“I’m not necessarily changing my approach at the plate,” Vogelbach said as a matter of clarification. “It’s more that I’ve changed my mechanics to where my hard singles can be doubles in the gap. I still want to be a good hitter first. But If guys make mistakes, the goal is for there to be damage as opposed to singles. With my swing the way it is now, if I’m staying through the ball, the extra-base hits and home runs are going to come more often.”



The latest intel on 1B was today's, where Servais said he "didn't rule it out," the idea of having Vogelbach start the year with the Mariners.  This dovetails beautifully with Jerry Dipoto's statement a few days ago that "Vogey has earned his way onto this ballclub."

IFF Dan Vogelbach was talent waiting to happen, and he is now a .290/.390/.500 hitter, then he'll get his chance and sooner rather than later.  Ryon Healy's dream season is to hit what would you say, let's take HQ who loves him .280/.310/.470. with UP 35+ HR producing a .525 SLG.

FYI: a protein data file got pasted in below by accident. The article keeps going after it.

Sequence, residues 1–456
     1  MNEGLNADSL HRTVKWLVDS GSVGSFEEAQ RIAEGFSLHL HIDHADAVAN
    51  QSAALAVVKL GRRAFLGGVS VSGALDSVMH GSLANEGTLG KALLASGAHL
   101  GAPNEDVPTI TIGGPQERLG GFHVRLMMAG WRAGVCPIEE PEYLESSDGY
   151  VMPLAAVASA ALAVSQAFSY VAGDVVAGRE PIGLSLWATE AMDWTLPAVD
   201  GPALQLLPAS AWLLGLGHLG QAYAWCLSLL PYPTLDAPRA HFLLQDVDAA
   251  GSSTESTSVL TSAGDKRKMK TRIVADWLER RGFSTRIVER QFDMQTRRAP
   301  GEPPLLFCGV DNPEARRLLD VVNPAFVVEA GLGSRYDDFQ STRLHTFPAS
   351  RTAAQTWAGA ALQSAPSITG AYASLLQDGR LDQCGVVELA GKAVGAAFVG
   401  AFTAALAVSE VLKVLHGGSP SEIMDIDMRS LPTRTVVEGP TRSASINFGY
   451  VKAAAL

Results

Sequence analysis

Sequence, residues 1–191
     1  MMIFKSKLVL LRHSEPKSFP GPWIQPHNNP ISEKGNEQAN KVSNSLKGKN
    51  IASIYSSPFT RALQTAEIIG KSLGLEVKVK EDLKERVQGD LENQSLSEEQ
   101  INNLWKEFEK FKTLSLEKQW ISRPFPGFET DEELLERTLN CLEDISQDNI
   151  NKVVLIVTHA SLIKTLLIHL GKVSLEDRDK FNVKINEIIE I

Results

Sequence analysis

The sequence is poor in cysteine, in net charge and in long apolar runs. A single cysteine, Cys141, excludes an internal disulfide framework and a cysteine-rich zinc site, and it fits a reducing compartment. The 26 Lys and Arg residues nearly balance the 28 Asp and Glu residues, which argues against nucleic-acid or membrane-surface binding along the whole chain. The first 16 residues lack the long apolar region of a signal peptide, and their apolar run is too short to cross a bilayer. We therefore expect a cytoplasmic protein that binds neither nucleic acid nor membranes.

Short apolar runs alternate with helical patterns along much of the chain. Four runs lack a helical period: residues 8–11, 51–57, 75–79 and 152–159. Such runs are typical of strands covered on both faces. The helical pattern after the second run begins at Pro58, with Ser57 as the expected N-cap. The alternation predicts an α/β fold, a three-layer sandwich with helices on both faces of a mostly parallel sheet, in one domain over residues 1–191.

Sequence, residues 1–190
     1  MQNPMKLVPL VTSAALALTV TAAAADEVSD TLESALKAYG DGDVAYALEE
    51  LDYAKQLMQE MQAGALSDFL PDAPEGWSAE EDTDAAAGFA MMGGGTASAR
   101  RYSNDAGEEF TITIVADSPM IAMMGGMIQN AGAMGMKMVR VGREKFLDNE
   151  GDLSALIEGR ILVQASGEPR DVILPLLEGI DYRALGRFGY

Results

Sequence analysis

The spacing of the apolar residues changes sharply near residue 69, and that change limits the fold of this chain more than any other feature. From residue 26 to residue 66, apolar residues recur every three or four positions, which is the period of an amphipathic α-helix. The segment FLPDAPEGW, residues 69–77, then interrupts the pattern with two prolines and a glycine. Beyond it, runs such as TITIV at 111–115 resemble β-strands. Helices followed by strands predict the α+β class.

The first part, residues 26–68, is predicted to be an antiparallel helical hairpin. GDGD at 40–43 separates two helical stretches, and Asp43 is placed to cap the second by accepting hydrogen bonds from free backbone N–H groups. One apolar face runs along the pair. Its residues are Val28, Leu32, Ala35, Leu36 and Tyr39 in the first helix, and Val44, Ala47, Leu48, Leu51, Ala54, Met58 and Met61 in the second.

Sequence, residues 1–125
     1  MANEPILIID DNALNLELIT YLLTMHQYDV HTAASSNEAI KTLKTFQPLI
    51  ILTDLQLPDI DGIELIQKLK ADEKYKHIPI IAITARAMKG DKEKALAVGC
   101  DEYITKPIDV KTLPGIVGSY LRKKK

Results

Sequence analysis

But no matter how much we love Healy, leave us not forget his EYE:  a lousy 12:60 in 2016 (0.20) and an even worse 0.16 (23:142) in 2017.

Something will happen, a slump or a pitched ball on the hand, or somethin', and Dan Vogelbach is going to get his chance to rake RH hitters.

Can't wait,

Dr D




But it really seems he's just making a natural power progression:  He now brings an intent, given his pitch, to hurt the ball when he comes to the plate.  That said, last season had to be frustrating for him, in the sense that even when called up he didn't get his chance.  Even when we were dead in the water he didn't get his chance.  

You go kid.


about cognitive development today, and I think some of what we covered might actually play here.

You say, I think fairly, that 'Bach is 'just making a natural power progression.'  But how many of us remember the moment--as in, the lightbulb exploding above our heads instant--when we realized that our parents were people in addition to being our parents?  It's one of those major cognitive milestones that's almost certainly 'natural' to go through, with little in the way of direct intervention or happy circumstance necessary for its occurrence, but I would wager that of those who do remember that moment when they realized their parents were people, not just parents, we also remember a little bit of why that realization came to be.